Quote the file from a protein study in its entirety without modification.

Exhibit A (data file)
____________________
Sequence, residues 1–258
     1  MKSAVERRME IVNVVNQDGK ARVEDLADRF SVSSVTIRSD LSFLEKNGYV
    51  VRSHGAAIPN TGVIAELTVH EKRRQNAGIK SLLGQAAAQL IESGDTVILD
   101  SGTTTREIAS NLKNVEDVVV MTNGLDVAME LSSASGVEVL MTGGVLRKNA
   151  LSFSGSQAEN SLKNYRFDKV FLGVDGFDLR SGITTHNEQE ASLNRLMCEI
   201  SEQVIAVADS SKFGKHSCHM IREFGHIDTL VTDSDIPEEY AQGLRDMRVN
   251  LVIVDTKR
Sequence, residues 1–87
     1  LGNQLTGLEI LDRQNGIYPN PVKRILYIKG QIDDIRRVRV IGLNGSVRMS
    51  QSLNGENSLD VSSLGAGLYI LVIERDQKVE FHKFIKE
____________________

Sequence, residues 1–258
     1  MKSAVERRME IVNVVNQDGK ARVEDLADRF SVSSVTIRSD LSFLEKNGYV
    51  VRSHGAAIPN TGVIAELTVH EKRRQNAGIK SLLGQAAAQL IESGDTVILD
   101  SGTTTREIAS NLKNVEDVVV MTNGLDVAME LSSASGVEVL MTGGVLRKNA
   151  LSFSGSQAEN SLKNYRFDKV FLGVDGFDLR SGITTHNEQE ASLNRLMCEI
   201  SEQVIAVADS SKFGKHSCHM IREFGHIDTL VTDSDIPEEY AQGLRDMRVN
   251  LVIVDTKR
Sequence, residues 1–87
     1  LGNQLTGLEI LDRQNGIYPN PVKRILYIKG QIDDIRRVRV IGLNGSVRMS
    51  QSLNGENSLD VSSLGAGLYI LVIERDQKVE FHKFIKE